This is a touchy subject in most offices. On one hand, employers don’t want their employees coming in sick and infecting an entire office. On the other hand, it seems like there is unspoken judgement whenever someone calls out. Are they really sick, or do they just have a mild headache that an ibuprofen would cure? Here are a few ways to ensure that you don’t get any raised eyebrows around your office. Feel free to leave your other ideas with the comments!
1. If you know you’ll want a day off, just schedule it. Don’t fake sick to extend your weekend. Most of us are not amazing actors, and after your third “cough, cough.. I’m sick..” phone call on a Friday morning, your employers are going to know.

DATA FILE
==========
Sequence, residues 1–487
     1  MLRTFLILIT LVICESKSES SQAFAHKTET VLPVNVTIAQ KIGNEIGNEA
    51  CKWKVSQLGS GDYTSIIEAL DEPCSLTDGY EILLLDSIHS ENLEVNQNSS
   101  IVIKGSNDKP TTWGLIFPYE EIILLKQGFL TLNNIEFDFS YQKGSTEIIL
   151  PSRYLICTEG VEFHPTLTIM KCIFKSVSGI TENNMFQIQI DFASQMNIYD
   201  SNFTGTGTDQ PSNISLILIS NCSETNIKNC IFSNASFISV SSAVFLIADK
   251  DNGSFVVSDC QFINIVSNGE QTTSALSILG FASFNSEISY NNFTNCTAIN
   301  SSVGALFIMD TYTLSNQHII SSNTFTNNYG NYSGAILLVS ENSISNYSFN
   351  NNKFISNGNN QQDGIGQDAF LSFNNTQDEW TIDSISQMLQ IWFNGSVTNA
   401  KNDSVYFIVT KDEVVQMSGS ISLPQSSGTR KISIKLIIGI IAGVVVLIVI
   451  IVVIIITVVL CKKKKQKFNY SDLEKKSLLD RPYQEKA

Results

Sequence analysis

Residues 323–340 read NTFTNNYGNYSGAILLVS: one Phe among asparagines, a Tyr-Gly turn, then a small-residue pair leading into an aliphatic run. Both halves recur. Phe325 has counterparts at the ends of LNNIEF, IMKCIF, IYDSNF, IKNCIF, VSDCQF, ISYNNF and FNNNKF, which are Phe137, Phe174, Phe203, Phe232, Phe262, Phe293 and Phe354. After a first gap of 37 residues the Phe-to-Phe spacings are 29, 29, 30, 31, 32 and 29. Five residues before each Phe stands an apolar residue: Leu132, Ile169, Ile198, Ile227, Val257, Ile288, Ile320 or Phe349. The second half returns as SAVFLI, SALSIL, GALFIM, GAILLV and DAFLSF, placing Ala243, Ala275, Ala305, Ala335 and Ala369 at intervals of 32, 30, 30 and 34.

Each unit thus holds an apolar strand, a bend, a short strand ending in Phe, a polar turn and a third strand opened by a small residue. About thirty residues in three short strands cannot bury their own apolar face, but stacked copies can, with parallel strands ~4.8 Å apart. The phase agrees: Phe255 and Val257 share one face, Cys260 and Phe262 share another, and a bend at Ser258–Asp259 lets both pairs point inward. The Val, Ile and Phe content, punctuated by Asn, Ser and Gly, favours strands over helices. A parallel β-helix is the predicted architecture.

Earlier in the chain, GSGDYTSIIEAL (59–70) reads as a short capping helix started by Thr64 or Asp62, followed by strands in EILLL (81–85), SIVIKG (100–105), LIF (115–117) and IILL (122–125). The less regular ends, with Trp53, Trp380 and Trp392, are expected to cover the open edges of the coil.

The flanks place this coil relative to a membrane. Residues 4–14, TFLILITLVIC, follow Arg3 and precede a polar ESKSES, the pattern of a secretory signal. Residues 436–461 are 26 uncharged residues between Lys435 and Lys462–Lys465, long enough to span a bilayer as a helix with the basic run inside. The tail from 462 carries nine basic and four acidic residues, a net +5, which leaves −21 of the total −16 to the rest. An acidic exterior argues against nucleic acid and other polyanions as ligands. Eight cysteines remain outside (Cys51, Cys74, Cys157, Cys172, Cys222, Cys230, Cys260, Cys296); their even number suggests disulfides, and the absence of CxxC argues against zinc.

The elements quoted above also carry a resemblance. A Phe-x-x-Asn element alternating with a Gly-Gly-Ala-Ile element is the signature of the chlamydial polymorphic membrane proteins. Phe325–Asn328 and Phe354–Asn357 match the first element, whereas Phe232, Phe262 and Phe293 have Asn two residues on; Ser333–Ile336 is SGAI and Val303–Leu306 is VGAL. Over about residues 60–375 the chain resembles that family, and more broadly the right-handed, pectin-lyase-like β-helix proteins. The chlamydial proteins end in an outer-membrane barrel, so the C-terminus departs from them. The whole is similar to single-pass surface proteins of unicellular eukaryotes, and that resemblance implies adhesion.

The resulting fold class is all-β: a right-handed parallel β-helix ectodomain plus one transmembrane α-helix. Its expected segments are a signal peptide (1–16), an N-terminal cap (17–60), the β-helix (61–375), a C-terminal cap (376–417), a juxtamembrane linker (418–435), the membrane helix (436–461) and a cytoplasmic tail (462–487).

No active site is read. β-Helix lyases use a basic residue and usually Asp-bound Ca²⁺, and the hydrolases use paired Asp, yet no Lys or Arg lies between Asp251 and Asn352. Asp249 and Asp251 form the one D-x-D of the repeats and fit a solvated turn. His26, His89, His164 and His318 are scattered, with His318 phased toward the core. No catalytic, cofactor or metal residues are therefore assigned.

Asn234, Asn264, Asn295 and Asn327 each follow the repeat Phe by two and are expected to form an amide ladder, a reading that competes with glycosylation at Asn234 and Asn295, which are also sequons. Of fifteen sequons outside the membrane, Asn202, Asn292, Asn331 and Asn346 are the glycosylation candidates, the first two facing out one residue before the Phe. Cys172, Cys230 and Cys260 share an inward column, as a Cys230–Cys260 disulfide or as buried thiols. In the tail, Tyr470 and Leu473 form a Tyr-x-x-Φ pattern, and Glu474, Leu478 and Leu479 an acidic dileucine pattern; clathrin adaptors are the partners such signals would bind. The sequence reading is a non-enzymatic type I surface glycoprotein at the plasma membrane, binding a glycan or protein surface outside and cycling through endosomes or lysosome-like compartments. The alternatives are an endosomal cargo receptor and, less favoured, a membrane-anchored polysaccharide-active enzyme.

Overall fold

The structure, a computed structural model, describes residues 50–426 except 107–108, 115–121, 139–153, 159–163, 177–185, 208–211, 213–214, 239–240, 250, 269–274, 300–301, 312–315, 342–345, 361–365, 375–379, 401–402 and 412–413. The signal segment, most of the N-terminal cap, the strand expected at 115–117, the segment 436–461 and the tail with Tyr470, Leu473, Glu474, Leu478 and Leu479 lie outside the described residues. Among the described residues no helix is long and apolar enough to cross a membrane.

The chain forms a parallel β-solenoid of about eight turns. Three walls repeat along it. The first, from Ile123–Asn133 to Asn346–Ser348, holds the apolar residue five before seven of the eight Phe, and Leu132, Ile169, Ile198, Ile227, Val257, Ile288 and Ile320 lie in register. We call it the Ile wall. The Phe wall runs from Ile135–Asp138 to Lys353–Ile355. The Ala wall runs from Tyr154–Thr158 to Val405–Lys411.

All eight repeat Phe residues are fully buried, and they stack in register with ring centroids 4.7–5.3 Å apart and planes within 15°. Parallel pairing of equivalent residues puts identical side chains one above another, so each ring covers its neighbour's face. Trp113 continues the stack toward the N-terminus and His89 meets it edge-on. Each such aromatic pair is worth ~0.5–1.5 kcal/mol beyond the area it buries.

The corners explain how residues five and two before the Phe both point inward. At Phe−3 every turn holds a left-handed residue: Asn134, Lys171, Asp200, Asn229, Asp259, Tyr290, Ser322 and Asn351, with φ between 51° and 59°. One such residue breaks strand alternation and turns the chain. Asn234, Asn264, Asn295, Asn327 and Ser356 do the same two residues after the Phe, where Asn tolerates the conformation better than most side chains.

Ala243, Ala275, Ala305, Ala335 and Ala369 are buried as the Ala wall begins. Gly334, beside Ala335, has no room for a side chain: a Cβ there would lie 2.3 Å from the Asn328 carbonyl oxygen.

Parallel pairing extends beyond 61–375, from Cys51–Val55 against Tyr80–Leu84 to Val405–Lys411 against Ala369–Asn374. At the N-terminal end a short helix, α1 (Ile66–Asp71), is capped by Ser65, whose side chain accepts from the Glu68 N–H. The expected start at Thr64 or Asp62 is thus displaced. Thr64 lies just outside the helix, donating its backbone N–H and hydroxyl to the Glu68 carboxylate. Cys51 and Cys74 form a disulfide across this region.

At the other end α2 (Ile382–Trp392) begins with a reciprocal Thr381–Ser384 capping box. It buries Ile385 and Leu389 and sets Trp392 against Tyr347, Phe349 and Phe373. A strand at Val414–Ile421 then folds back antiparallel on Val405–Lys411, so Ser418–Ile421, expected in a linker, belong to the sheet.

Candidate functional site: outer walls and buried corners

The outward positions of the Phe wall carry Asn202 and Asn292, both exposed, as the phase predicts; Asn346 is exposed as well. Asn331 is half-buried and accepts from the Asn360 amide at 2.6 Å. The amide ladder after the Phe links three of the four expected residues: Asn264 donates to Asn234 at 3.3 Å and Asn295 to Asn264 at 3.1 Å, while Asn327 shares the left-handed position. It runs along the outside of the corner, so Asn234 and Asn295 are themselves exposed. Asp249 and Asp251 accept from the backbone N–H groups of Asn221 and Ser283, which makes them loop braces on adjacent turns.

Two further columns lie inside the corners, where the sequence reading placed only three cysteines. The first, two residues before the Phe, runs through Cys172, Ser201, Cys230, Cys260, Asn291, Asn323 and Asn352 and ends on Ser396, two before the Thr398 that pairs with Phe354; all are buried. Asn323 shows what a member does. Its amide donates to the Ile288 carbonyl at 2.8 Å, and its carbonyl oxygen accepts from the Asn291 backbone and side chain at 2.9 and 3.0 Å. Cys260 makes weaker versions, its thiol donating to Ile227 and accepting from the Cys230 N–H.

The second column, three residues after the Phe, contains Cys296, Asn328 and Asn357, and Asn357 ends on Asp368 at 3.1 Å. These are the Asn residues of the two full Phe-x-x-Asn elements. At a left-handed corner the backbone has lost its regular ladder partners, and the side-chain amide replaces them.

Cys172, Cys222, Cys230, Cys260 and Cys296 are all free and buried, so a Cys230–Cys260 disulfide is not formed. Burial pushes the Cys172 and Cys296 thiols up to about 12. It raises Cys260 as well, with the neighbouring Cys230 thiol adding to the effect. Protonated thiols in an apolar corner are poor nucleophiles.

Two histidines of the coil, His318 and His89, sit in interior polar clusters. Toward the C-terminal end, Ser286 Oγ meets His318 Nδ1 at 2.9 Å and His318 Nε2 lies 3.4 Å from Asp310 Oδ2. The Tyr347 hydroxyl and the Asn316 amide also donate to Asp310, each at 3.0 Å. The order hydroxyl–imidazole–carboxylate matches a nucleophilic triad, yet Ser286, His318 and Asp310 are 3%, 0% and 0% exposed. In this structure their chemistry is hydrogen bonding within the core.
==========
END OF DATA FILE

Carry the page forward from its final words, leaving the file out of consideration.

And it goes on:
2. If you are actually sick, make sure to call the appropriate people. Call your supervisor, office manager, whoever schedules payroll at your office, and let them now. Briefly explain why you aren’t feeling well (no need to include a puking count or description here..) and say that you’ll be sorry to miss work.
3. Catch up on work upon your return in a timely fashion.
4. Don’t take “mental health days” unless they really are for your mental health. Example 1: a close relative or friend passes away or you actually need to see a psychologist for an emotional issue = mental health day. Example 2: You and your boyfriend are taking a break for the fifth time, you need a new manicure, and you want to catch up on laundry = not mental health day worthy.
This isn’t to say that you’re never allowed to take a day off for “me time”, just schedule it in advance so everyone can prepare for your absence!